Kalash’s Enriched But Fading Culture Is At The Verge of Extinction
Among many other reasons that exist to cherish the Kalash valley, culture is most alluring.
Pakistan is blessed with some of the world’s most alluring landscapes —especially the northern areas — astonishing Himalayan peaks, deserts, the Arabian Sea, and historical forts. Many Poets have described the beauty of these areas in their work, and called them ‘heaven on earth’.
No comparison can be made among these places since all of them have their specialties. The Kalash valley, however, has something that makes it different from the others. Among many other reasons that exist to cherish the valley, culture is most alluring.
The origin of the Kalash tribe continues to remain uncertain. Many claim that these people are the descendants of the Macedonian conqueror Alexander the Great. Others claim that the Kalash migrated to Afghanistan from a distant place in South Asia called ‘Tsiyam,’ an area that also features in their folk songs.
The Kalash valley in Chitral includes three unique and striking valleys: Birir, Bumboret, and Rumbur. They are famous for celebrating the festivals of Joshi, Uchau, and Chawmos.
Joshi, also known as Chilim Jusht, is a four-day Kalash spring festival, held on the 13th of May in the three Kalash valleys every year. The Kalash people make different arrangements for this festival. People make various milk desserts and local wine.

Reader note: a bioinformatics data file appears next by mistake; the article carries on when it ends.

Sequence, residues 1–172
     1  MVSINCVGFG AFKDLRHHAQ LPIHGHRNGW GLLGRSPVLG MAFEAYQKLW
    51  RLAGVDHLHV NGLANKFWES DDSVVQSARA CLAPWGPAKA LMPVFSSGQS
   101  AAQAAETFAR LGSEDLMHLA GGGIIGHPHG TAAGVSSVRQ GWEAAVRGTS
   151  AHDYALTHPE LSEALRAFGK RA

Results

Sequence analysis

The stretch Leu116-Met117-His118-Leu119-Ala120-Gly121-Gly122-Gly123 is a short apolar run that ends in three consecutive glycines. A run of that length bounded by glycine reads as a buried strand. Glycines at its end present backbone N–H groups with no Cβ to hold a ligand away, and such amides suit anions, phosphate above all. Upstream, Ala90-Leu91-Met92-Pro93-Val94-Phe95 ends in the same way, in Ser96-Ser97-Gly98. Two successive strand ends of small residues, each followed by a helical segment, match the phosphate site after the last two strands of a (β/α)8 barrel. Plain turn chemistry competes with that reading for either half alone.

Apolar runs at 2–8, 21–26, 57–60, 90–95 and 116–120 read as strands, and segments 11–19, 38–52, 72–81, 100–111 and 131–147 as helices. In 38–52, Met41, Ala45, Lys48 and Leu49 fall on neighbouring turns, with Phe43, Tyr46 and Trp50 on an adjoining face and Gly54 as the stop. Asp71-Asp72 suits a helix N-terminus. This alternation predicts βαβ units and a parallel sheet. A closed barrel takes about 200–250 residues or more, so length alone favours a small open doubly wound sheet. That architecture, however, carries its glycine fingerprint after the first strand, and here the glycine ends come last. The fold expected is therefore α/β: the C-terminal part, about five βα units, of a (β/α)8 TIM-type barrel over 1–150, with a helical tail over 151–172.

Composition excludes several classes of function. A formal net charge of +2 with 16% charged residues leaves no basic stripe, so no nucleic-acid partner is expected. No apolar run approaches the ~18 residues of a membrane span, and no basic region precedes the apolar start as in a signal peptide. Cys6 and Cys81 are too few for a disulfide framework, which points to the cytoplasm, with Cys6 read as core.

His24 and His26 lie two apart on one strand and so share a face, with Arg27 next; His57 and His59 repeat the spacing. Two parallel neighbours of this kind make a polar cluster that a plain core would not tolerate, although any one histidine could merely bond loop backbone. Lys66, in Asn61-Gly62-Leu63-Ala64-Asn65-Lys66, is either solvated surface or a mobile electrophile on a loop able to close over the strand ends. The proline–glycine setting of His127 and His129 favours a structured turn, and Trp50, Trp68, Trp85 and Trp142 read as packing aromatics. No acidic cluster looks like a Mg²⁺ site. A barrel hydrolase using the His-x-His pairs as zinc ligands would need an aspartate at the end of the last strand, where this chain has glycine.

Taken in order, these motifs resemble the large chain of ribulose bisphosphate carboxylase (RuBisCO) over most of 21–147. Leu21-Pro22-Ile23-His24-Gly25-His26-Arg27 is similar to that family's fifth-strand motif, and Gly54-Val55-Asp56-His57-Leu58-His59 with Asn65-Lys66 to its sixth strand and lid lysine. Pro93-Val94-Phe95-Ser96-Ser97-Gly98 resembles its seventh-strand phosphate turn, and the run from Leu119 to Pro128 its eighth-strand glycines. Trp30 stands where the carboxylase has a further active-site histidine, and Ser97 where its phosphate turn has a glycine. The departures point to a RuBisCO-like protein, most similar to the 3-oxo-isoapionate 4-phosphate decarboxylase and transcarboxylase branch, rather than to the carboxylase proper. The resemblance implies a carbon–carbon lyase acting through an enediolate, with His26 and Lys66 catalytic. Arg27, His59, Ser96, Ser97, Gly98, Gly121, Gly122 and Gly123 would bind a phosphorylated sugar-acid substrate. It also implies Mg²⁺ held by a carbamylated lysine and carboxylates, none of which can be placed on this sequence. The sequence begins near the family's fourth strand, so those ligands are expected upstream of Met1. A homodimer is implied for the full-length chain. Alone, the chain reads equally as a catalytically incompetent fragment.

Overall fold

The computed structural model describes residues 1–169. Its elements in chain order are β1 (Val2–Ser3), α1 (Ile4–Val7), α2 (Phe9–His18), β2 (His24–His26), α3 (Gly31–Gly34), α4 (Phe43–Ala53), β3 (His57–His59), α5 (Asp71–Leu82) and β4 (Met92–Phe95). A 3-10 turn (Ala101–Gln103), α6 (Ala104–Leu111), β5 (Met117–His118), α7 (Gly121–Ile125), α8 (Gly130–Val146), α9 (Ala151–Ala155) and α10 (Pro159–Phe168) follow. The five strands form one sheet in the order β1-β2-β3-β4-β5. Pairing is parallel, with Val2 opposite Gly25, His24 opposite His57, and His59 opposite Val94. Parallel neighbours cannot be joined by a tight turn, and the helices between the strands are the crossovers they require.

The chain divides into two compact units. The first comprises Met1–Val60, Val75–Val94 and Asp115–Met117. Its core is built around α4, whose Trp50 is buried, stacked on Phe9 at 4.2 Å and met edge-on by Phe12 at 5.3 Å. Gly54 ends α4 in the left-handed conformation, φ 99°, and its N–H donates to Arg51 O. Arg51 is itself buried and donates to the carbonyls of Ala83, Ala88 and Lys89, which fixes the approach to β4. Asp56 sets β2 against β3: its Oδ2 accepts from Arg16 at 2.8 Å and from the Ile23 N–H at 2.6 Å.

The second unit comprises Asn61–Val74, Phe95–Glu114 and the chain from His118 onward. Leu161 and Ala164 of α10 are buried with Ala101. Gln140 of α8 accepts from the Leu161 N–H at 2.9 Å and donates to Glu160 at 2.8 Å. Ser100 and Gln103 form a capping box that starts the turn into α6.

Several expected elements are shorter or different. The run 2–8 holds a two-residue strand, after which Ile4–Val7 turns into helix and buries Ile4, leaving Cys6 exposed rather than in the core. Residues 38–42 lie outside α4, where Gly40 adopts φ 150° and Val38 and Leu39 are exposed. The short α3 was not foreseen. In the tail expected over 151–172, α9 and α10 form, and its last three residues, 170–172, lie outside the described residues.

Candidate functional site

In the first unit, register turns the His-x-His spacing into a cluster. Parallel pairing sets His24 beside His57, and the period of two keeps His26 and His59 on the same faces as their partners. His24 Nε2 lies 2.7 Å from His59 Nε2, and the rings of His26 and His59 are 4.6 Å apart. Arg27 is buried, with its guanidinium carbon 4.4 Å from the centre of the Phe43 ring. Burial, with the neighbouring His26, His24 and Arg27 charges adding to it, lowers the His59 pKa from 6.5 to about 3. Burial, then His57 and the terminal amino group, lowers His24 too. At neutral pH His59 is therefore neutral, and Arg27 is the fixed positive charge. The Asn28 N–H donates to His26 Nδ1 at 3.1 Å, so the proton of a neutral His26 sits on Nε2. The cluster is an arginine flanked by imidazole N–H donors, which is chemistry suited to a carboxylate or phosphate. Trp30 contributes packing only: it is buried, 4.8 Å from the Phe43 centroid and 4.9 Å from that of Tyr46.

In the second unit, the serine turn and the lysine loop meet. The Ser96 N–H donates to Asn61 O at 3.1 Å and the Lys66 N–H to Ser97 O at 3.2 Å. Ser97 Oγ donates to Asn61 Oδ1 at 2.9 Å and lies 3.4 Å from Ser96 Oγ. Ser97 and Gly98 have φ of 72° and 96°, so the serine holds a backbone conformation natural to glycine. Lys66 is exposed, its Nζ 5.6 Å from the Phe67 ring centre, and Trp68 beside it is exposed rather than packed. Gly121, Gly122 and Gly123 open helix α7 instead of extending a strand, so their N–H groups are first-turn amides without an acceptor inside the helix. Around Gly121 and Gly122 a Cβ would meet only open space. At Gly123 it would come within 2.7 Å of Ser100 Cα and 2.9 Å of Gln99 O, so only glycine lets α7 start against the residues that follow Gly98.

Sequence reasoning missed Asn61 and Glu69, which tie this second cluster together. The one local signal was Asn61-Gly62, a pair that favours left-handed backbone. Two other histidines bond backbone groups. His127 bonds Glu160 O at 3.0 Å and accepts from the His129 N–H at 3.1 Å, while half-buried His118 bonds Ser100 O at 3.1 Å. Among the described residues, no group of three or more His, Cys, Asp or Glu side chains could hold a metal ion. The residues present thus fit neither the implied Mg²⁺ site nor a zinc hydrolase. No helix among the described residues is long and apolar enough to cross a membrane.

During the festival, people dance to welcome the spring season. Bachelors of the valley also select their life partners at this festival.
Women usually wear traditional black robes with lucid embroidery and handicraft caps. Their attire also includes neck accessories, which give the Kalash women a unique look. Men wear Shalwar Qameez, while children wear smaller versions of adult clothing after the age of four. These people speak the language called Kalasha, which is believed to be a sub-branch of the Indo-Aryan group.
The funeral tradition is quite unique in the Kalash culture. Death is usually celebrated as a joyous event. It is believed that it is a union of the soul with the creator. Rather than mourning their dead, the Kalash gives a farewell to the departed person by paying tributes with music and drumming.
Some know the Kalash in Pakistan as the ‘black Kafirs,’ and their state is called Kafiristan. Razhawai, Cheo, Bala Sing, and Nagar Chao, were some of the famous Kalash rulers who ruled between the 12th and 14th centuries AD. Their fellow tribesmen in Afghanistan were known as ‘red kafirs.’
Threats and Challenges
People of Kalash are facing various religious, political, economic, and social challenges. Today, the ethnic group consists of only about 3,000 people. Their traditions are becoming extinct fast. One element is forced conversions to Islam.
Other factors that threaten the unique Kalash culture include illegal logging and land invasion. Many Kalash people are abandoning their traditions since the dominant cultures do not recognize them.
Civil society organizations have been campaigning to protect, preserve, and promote the Kalash culture. Moreover, the government of Pakistan has also been making efforts to protect and preserve the traditions of the old civilization.
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